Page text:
Abelard makes this explicit in his understanding. He rhetorically communicates that Satan has no more power then than he has now. Satan according to Abelard has no right to possess humanity. He finds it difficult to reconcile the idea of Satan possession humanity since it is not mentioned within the biblical account. Furthermore he argues that Satan has no right to possessing humanity because he did not contractually reward humanity for his transgression in the beginning. Rather humanity was seduced by Satan. This smacks of deception not contract to possession. Thus he comes to the conclusion that there is no ransom. Next, the death of Christ seems to Abelard to be a gross overcompensation for Adam’s sin. Abelard seems to wonder how we can now be justified of the original sin through an even greater injustice. Thus he concludes that righteousness does not come by way of a ransom paid to Satan or even to God. The argument is employed that if Christ forgave sins before his death (as in the case of Mary Magdalene) what empowerment is needed in his death. The result is that atonement in his sense is Christ essentially mending the broken relationship of his followers by way of showing an expansive love.

God did it in the way he did (through the blood of Christ) because according to Abelard, we are inspired to a greater love for reasons of a realization of the gift of divine grace. The idea of inspiration and greater affection is related to our redemption in Christ according to Abelard. We are supposed to be mystified and awestruck with the love of God to the degree that we find justice and solace in this magnificent act of love. He believes that because we have a greater appreciation for Christ’s suffering it causes in us freedom from sin as well as giving us true liberty as children of God. We are to be moved simultaneously at the just act of God and the fact that he justifies us through belief in him. The secondary result is that we may do things out of love rather than out of fear.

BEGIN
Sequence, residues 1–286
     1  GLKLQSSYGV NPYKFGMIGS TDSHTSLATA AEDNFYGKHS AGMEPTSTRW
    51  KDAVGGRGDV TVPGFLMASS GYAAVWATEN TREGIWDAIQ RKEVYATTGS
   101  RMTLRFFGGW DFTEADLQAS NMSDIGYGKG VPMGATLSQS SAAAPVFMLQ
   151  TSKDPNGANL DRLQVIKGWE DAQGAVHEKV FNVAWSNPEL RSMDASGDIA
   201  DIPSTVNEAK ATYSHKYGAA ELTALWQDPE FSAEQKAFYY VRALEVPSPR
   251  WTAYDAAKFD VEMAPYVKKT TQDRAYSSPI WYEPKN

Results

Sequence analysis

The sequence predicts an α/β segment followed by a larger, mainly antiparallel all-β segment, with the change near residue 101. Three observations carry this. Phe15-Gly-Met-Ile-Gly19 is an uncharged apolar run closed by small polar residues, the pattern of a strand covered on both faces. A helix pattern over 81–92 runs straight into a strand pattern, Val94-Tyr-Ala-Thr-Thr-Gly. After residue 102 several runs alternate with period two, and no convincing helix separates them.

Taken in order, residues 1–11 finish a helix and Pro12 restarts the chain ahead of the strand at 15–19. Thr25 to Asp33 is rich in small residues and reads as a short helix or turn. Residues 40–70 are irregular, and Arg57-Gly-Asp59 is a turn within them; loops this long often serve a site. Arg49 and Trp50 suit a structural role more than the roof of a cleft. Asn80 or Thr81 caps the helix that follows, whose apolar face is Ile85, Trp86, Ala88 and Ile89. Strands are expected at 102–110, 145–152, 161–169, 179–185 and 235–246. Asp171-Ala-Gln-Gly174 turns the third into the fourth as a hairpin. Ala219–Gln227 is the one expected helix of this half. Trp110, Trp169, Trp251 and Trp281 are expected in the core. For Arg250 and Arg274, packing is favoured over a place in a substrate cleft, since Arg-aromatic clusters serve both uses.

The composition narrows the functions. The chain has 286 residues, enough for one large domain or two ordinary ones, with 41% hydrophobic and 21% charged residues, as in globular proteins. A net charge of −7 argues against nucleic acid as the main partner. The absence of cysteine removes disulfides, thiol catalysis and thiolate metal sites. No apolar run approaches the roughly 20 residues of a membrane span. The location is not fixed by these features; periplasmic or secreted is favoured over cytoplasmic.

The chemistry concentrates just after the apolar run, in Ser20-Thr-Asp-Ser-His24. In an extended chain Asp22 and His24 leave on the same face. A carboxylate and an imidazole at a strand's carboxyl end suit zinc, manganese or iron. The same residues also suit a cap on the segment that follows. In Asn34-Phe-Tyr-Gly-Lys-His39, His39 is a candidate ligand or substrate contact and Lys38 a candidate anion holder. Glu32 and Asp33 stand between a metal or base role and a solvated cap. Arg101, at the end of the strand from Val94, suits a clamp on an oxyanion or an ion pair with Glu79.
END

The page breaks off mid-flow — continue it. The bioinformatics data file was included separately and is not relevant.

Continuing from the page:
[1] Cur Deus Homo, 118. “Let us agree that man was made for blessedness, which cannot be attained in this life, and that, while no man can reach it unless his sins are forgiven, no man passes through this life without sin.”

[2] Anselm spends several chapters discussing the redemption of angels and what their number will be. This is based on a bad reading of Deuteronomy if I remember my history. For the purpose of this assignment, it will not be addressed.

[3] Cur Deus Homo, 134. “Then it is unfitting for God to take sinful man, without satisfaction, to replace the lost angels, since truth does not allow him to be raised to equality with the blessed.”